The University of Southampton


At Southampton, Psychology is deemed a scientific discipline. Our various laboratories and other facilities listed here are the backbone of much of our rigorous research work. The majority of support is from specialist in-house technicians.

Centre for Clinical and Community Applications of Health Psychology (CCCAHP)

The Pain Research Laboratory, detailed below, is managed managed through the CCCAHP.

Pain Research Laboratory

The Department’s Research in pain focuses on three intertwined themes a) the cognitive and affective neuroscience of pain, b) the development of theory-driven psychological interventions for the management of acute and chronic pain in children, c) the evaluation of the efficacy and effectiveness of psychological interventions in paediatric pain management. The Pain Research Laboratory is equipped with state of the art equipment for Quantitative Sensory Testing (QST) including TSA-II Neurosensory Analyser, a precise computer controlled device capable of generating and documenting response to highly repeatable thermal stimuli, cold pressure pain test equipment and others.

For more information on the Pain Research Laboratory, contact Dr Christina Liossi.


Centre for Research on Self and Identity (CRSI)

The RPL, SCL and SPL, detailed below, are all managed through the CRSI.

The Relationships Processes Laboratory (RPL)

Equipment in the RPL includes:

The Social Cognition Laboratory (SCL)

The SCL offers:

The Social Psychophysiology Laboratory (SPL)

The SPL contains equipment for monitoring a variety of psychophysiological measures:

For more information, contact Professor Constantine Sedikides or Gwen Gordon, or visit the CRSI page.


Centre for Visual Cognition (CVC) Laboratories

The Centre for Visual Cognition seeks to conduct experimental research that elucidates the psychological processes underlying human visual cognitive function. Its members use experimental and computational modelling methods with a diverse range of research tools, including fMRI, haptic feedback control systems and both laboratory-based and perambulatory eye-tracking.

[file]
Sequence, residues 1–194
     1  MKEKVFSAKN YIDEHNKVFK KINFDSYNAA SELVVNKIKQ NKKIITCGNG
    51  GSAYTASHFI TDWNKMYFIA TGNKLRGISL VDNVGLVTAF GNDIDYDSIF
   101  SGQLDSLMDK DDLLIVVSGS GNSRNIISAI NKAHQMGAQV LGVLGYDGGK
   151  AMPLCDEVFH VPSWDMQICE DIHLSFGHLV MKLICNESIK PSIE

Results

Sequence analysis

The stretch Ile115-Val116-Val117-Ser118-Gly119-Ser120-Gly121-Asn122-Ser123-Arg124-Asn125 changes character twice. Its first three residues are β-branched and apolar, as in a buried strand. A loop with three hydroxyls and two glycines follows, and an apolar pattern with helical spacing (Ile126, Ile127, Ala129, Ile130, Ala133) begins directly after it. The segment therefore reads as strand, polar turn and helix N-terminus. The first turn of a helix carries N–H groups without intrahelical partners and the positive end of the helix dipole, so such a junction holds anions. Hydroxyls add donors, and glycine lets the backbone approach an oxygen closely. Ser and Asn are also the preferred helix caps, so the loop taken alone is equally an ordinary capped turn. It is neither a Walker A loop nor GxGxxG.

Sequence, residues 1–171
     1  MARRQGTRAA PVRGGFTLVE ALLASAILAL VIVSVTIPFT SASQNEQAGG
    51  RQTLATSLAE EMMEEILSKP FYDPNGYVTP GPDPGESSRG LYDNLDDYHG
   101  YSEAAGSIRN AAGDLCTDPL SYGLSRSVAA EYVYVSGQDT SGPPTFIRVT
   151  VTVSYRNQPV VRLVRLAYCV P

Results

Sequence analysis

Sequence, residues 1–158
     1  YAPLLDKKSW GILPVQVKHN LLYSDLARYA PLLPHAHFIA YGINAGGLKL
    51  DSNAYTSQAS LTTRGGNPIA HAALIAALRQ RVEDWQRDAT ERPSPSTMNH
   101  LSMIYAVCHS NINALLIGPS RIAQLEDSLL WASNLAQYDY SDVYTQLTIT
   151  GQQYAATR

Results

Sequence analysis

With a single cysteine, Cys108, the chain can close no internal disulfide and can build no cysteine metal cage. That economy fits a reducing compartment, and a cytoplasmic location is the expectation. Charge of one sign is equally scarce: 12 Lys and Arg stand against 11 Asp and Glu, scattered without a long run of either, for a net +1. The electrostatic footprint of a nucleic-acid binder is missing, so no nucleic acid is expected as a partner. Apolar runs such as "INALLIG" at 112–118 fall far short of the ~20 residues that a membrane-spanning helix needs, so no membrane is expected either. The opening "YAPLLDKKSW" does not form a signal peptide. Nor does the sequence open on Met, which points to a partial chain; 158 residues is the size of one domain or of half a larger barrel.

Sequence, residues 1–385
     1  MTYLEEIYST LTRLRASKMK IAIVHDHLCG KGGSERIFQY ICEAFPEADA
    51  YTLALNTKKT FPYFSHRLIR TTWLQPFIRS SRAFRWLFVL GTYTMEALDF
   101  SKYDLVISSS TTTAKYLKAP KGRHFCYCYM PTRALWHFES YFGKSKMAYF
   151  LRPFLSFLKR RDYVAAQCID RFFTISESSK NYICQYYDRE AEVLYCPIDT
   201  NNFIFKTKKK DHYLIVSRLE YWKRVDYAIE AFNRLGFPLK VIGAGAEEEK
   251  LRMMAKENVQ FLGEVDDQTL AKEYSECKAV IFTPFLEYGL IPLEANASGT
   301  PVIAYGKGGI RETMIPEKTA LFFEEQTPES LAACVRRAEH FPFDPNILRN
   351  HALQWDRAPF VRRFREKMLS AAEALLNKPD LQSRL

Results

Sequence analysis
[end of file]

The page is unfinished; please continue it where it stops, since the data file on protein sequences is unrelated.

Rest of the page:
For more information, contact Professor Nick Donnelly, Professor Simon Liversedge, Dr Sarah Stevenage, Dr Erich Graf or Dr Wendy Adams, or visit the CVC page.


Experimental Psychopathology Laboratory (EPL)

Work in the Experimental Psychopathology Laboratory involves various methods from experimental cognitive psychology (eg attentional cueing paradigms), eye-tracking, psychophysiology (eg startle reflex) and psychopharmacology (eg effects of alcohol and nicotine on information processing).  Much of the neuroscience in the EPL (including ERP, MEG and fMRI) is conducted elsewhere in collaboration with other Universities.  Equipment in the EPL ASL eye-tracking and Biopac systems.

For more information about the EPL, contact Professor Brendan Bradley or Professor Karin Mogg, or visit the EPL webpage.


Evoked Response Potential (ERP) Laboratory

The Psychology Evoked Response Potential (ERP) laboratory is equipped with Neuroscan Synamps2 EEG acquisition equipment. The laboratory is used by a number of researchers within Psychology for general studies involving recording of EEG.

For more information about the ERP laboratory, contact Pete Dargie.


The IDIA laboratory, detailed below, is managed by the Developmental Brain-Behaviour Laboratory (DBBL).

IDIA electrophysiology laboratory

IDIA (Institute for Disorders of Impulse and Attention) is a Psychology research group founded to carry out basic and clinical science in Attention Deficit/Hyperactivity Disorder (ADHD) and related disorders. The group has a laboratory equipped with Neuroscan Synamps2 EEG acquisition equipment.

For more information, contact: Dr Nick Benikos, or visit the DBBL page.


Mobile Research Unit (MRU)

This customised Citroën Relay van is equipped with battery derived 240V AC power. For individual assignments, its interior can be tailored to suit requirements, for example with eye tracking equipment or video cameras. The MRU enables a range of offsite research work as well as public engagement activities.

For more information, contact Pete Dargie; also see the news story.

Staff contact details

including email and telephone numbers

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Research groups in Psychology:

Activities and contacts

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